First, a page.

"Meet Your Suicide Undertaker" Ban Ohki

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Critique
Although the story develops on dark theme of suicidal tendencies, the tone of writing is light and comedy-esque with some great surprises. Colorful and attractive characters such as condescending "suicide undertaker", suicide-candidate-turned-manager main character, and half-shrink-half-editor lady are providing refreshing reading experience.

"The Inbred" Tomohiro Nako

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Critique
The story depicts a long-lasting conflict between offspring of a family of special talent and a cult society from 1638 (Kan-ei 15th) to today. Episodes are told in good rhythm, going back and forth between 17th century and present day. In sub-text there is a hint of homo-social context, which could draw unique thinking process. The story accelerates into more picturesque association to a movie or animation towards the climax scene where main characters make a push to the cult society.

"The Icy Road, Epitaph to the Sun" Nobuhiro Tanikado

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Critique
A truck driver in the Arctic Circle, whose girlfriend is in vegetative state, risks his life to make money but finds himself deep in underworld connection. The story is a crime/ drama of a guy who fakes his death and gives up his job for all his sacrifice and feelings solely towards his love. Well written, well composed of moving episodes, it is a unstoppable page-turner.

"The Beam of Starry Light" Tetsushi Sawatari

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Critique
A mysterious figure of Japanese and Turkish descendent travels to the origin in Europe to make vengeance for family bloodshed. Almost intoxicative introduction, told in first-person view draws readers in. Light-footed style reads nicely too. Two main characters are in good contrast in between photographic memory and prosopagnosia. This setting could have been highlighted more, but the integrity of the story is achieved by good tempo and suspense. Greek myth also helps give depth.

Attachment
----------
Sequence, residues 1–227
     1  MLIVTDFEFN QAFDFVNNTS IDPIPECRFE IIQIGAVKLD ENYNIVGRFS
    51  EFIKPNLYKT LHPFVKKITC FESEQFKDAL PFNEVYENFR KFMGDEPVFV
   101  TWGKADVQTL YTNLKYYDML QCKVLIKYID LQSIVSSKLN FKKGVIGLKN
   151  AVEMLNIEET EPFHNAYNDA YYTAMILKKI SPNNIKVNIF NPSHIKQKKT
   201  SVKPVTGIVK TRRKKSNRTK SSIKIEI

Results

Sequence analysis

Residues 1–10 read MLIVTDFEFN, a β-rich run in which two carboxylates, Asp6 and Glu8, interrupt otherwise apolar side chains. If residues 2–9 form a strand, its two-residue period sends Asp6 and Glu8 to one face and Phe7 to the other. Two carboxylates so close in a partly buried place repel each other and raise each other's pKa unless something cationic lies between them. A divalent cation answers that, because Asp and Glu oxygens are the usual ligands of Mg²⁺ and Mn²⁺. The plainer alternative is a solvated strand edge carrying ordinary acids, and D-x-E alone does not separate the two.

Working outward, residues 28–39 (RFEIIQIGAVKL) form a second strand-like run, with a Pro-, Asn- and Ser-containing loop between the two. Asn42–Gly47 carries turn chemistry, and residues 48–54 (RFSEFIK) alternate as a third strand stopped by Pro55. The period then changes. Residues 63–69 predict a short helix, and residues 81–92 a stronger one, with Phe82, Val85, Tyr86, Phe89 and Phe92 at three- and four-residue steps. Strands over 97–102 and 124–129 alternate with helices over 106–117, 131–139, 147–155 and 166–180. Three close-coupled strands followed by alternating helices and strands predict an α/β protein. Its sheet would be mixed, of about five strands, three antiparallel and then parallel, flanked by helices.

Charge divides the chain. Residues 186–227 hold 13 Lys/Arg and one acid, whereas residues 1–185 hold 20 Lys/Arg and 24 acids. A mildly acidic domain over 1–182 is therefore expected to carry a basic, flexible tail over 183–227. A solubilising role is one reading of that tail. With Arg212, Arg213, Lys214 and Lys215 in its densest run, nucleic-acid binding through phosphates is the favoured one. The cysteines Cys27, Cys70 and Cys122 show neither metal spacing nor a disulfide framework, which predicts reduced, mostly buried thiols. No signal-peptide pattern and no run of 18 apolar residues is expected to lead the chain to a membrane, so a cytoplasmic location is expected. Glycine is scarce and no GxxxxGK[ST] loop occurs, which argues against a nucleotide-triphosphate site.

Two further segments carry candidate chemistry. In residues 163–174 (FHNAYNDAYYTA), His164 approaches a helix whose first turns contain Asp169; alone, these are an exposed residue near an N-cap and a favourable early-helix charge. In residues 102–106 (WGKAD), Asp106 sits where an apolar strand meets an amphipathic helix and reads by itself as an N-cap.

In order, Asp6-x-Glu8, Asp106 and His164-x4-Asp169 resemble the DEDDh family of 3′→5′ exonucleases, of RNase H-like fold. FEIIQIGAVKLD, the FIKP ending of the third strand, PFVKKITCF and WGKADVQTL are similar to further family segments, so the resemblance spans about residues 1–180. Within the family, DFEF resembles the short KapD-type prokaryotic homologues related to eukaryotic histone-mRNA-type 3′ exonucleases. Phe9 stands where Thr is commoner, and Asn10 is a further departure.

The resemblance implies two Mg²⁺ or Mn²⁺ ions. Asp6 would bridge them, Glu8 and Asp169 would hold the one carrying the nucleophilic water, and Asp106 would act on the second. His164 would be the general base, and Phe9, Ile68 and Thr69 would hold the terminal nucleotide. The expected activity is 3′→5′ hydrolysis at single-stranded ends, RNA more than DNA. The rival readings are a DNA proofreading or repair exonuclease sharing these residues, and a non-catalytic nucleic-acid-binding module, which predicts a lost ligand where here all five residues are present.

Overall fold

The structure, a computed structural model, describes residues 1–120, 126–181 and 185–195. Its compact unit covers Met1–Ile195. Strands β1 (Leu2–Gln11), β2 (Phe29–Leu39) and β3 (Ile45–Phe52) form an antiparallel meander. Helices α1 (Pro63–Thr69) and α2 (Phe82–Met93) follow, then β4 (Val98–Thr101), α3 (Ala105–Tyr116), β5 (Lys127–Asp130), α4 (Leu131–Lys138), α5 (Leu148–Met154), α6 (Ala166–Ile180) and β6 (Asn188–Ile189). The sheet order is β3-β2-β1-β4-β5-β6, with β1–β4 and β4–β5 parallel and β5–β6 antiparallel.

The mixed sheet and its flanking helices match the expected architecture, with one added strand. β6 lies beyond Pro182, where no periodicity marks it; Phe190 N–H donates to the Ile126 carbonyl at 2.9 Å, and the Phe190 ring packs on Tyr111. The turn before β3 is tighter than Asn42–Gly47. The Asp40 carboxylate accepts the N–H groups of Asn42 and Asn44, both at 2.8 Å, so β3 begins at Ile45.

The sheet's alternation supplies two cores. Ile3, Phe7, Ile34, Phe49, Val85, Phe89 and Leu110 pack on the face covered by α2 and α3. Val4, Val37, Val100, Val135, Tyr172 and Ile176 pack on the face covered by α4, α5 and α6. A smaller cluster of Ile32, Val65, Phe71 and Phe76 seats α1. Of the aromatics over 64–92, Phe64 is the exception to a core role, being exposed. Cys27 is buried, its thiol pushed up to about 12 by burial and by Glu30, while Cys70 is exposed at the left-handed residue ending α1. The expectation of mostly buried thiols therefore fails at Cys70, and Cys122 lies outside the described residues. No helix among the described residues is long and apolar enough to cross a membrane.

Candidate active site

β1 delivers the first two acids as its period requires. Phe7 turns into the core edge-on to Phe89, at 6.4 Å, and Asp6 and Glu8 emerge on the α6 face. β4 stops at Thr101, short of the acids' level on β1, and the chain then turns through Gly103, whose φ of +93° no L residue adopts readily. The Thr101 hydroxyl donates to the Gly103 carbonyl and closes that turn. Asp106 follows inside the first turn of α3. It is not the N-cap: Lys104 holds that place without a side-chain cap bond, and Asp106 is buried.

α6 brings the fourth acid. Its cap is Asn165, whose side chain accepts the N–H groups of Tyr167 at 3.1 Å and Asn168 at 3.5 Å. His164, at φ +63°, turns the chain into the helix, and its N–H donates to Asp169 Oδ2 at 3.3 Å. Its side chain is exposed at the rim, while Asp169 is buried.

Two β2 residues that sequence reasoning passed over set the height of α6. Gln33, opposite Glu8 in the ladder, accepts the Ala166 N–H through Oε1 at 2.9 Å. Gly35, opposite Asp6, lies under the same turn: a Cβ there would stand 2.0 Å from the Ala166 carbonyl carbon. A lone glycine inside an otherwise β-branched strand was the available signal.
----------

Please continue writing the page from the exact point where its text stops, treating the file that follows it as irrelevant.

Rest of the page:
"The Power to Dream" Yasunari Aizu

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Critique
Country born, a single parented boy finds his path of life, through a blessed encounter to a Thai mentor and kick boxing trainer while working as a gigolo. One would find the author's dense research on gigolo and kick boxing professionals. Great at narratives and compositional skills, the author provides just right distance from the main character, which helps keep readers' attention throughout. There is a fresh, brisk tone in overall story although motifs fall into the underworld and uncompromising combat sports.

"Frequency Gizmo—Alto's Seven Vacuum Tubes" Uka Kitabayashi

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Critique
A fantasy genre of a 12 year old boy Alto, taking a voyage to discover "legend of seven vacuum tubes" to save the world. The adventurous story consists of many episodes in spectacular scale. A squad of four, including Karin the girl, Tetta the boy, and Forte the dog fall into classical setting, but the imaginary "intellectual" vacuum tube called Push-Pull and selecting "music" as the concept of the world are both adding new dimension to the genre. Such challenge and efforts should be evaluated.
  • 2011年度 受賞作
  • Selected for final Qualification
  • Selected for 2nd Qualification